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Actually, connection more than matters. Connection is essential to our happiness and our survival.

Let’s start this the other way up.  What’s it like when you have no connection?  How does it make you feel?  You probably don’t want to go there – but use these few cues to just move gently into that territory for a moment.

For how long does your own company serve as company?

What’s the longest time you’ve been alone?

Just touch a moment with your mind when things were bad and you didn’t know they could change.

Take a moment to walk into a new job/school/pub where no one seems to register your arrival…..

If you’ve engaged with these prompts, there will have been changes in your breathing, your posture, your facial muscles.  You will feel weakened.

We’re not designed to be alone

We are herd animals.  We live in groups.  Over millions of years, we have relied on others for our survival.  Our safety comes through our capacity to connect.  Maintaining connection is a lifelong task and without connections to others, we fare poorly.  Loneliness increases the likelihood of mortality by 26% (Holt-Lunstad, 2010) 

We’re most vulnerable in infancy

Without support, the newborn infant would not survive.  Have you noticed how babies are great at letting you know they’re there and drawing you in? Babies are wired to connect.  Attachment behaviours are about safety in relationships.  The aim of attachment behaviour is proximity or contact, with the associated affect of feeling secure and safe.  All through our lives, we’ll go to great lengths to achieve these benefits: look at all the pop songs about the cost and consequences of securing that crucial relationship.

It’s this same survival need that drives insecure attachment.  After all, baby is in no position to make a judgement on whether their parent has the experiences and capacities required to parent them well.  Baby has to connect with what’s available and seek to dance the family dance.  There may be cost and consequences here too: we all adapt to what’s required, complicating and distorting our connection capacity in order to ensure we survive.  This can have significant consequences when we arrive in school.

Life is unpredictable

Even successful attachment is not a guarantee of personal security.  What happens if your attachment figure dies?  Without that crucial personal connection, who or what holds you then?   Evolution has provided a wider security net in the tribe and the mechanism best described as ‘belonging’.


Although the predominant cultural myth is of independence, the truth is that we are interdependent.  We connect within groups.  And we’re strongly aware of the threat of exclusion.  Again, on a day to day level, just notice what you’re wearing and reflect for a moment what membership is guaranteed by your get up.  Who do you connect with?   Who is it you are relying on?  In return for our security, we have a loyalty to our ‘belonging group’, whether that be a clique at work, a nation, a gang, an ethnic group. We crave being ‘in’, and feel rewarded when we’re central to the group.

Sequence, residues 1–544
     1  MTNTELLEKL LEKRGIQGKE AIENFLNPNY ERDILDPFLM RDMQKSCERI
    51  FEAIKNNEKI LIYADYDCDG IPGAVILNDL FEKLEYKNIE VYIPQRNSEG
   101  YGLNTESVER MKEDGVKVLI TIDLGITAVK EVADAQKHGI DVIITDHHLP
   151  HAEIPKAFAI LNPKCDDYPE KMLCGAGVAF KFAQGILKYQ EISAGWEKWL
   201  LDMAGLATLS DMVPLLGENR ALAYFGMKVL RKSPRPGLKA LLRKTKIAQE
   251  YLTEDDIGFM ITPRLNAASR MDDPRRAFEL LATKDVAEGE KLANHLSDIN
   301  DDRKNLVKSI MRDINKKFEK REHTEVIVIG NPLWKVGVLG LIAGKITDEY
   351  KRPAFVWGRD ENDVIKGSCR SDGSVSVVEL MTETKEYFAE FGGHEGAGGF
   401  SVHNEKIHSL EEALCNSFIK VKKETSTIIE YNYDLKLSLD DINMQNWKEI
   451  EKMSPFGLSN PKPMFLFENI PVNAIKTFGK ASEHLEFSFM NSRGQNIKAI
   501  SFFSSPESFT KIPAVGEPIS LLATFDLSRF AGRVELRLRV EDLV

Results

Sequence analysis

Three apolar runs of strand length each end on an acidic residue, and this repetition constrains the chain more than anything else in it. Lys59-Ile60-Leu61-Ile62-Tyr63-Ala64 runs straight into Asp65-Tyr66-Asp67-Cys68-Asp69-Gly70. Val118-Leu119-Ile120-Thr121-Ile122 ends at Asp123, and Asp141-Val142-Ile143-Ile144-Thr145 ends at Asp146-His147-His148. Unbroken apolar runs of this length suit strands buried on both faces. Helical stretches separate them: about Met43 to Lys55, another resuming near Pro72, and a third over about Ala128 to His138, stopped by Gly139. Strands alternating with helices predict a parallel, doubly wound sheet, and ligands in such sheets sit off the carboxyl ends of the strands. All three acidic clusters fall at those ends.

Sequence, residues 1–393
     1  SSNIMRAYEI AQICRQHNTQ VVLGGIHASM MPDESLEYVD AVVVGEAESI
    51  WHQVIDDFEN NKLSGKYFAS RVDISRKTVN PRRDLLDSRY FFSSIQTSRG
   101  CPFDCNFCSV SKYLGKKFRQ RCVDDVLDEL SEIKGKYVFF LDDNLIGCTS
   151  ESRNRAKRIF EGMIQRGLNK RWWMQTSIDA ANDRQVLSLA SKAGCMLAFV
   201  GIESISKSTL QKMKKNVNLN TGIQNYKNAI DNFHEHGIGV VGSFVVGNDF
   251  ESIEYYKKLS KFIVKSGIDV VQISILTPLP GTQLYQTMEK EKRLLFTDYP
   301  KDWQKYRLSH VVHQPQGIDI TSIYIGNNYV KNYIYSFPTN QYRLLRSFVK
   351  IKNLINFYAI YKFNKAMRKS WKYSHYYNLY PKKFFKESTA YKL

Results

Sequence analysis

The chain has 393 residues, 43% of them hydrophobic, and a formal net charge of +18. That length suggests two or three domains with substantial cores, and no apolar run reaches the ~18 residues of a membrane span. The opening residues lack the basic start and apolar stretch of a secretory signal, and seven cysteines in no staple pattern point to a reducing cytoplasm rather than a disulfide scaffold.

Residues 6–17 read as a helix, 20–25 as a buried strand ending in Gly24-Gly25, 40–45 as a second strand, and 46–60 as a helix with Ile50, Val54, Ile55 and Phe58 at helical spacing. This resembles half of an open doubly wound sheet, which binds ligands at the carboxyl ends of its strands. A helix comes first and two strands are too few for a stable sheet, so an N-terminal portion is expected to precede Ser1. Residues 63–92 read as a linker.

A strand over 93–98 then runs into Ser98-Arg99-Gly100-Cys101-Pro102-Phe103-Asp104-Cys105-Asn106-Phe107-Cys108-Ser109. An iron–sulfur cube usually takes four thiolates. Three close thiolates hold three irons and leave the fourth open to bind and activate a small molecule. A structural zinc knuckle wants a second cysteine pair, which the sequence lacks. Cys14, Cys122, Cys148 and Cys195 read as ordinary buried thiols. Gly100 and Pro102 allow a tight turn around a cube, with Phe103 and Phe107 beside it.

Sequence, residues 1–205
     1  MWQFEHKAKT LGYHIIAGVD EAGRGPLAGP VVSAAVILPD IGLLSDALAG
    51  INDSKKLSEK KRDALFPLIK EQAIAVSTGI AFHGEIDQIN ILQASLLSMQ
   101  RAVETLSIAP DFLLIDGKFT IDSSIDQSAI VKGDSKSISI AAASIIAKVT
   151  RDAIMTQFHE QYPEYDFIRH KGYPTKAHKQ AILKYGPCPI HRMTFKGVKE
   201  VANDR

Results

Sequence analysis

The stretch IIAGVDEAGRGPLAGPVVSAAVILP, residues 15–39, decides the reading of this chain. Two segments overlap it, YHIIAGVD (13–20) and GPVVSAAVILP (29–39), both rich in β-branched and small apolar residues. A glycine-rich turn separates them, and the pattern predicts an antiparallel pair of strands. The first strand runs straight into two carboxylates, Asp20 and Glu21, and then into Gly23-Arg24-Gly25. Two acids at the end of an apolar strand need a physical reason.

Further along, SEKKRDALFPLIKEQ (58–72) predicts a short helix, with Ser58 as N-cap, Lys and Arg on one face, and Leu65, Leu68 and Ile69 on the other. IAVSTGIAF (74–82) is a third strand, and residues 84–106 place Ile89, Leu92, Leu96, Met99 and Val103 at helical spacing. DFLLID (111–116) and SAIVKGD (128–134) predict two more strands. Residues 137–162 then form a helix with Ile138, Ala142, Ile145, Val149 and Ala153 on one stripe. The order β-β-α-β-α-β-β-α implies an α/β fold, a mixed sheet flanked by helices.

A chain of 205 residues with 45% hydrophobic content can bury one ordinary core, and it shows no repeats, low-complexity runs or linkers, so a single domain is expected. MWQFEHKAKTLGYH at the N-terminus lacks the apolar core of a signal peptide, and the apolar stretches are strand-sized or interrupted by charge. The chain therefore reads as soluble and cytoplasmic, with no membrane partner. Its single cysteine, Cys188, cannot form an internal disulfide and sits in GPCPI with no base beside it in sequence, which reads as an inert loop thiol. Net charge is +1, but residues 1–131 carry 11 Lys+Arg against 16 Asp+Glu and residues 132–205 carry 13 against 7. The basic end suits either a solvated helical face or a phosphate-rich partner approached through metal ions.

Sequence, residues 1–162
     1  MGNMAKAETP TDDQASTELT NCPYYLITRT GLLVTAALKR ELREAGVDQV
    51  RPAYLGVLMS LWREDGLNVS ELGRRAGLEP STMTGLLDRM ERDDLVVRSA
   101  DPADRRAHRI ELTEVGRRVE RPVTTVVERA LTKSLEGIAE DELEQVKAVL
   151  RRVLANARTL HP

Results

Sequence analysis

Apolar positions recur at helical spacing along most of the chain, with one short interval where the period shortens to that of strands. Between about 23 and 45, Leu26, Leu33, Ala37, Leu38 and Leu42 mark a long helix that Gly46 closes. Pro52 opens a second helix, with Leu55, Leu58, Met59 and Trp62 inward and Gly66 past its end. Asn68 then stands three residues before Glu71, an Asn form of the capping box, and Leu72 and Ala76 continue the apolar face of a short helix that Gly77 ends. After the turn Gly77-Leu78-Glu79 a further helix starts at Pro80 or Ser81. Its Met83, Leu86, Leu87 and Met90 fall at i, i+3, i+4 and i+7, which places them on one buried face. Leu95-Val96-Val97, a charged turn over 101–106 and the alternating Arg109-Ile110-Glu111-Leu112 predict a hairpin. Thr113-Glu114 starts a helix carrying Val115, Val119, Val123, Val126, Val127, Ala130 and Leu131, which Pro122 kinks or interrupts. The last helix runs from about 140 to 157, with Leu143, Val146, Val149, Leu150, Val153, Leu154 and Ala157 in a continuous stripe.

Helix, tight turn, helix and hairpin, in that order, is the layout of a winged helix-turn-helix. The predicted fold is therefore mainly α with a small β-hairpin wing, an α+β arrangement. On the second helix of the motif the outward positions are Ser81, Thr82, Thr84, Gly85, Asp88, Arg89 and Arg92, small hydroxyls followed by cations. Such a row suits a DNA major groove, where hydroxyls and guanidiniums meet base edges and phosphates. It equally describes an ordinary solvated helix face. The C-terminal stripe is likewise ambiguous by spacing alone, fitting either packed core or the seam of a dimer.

How easily I connect in an individual relationship or in a group is determined by my experience.  The development of the brain is use dependent (Perry B et al 1995) and, due to rapid cellular growth in infancy, early experience hardwires the brain.  My 'normal' starts very early on, rooted in my early experience.  Whatever my experience, my capacity for connection is not stuck.  Human beings are designed to connect, and experiences throughout my life will change my brain. (Doidge 2008).

Barriers to connection

There’s one more element of connection I want to touch on.  How well are you connected up internally?  How much of your own stuff gets in the way? How much of your life are you able to be present in the present?  How cleanly do you move from sensation to recognition, to action?  Many of the impediments, the barriers to connect to others, are of our own making.  They are habitual, unnoticed, assumed to be part of ourselves.  I see my own on a daily basis and am reminded that this is where the work is!

So, embrace connection.  Experiment.  Nurture it.  Extend it.  Enjoy it.  You’re designed for it.  Think back to the last person who made you smile – and note the movement in your facial muscles.  Was the smile rekindled?  For all of us, whoever and wherever we are, in whatever circumstances, connection is vital.

Mark Griffiths


Doidge N. 2008  The Brain That Changes Itself: Stories of Personal Triumph from the Frontiers of Brain Science. London. Penguin

Holt-Lunstad J, TB, Layton JB. 2010. Social relationships and mortality risk: a meta-analytic review. PLoS Medicine 7 (7)

Perry B et al.  1995  Childhood trauma, the neurobiology of adaptation, and ‘use dependent’ development of the brain: How states become traits   Infant Mental Health Journal,  December 2015




16:39, 08 Aug 2017 by Joanna King


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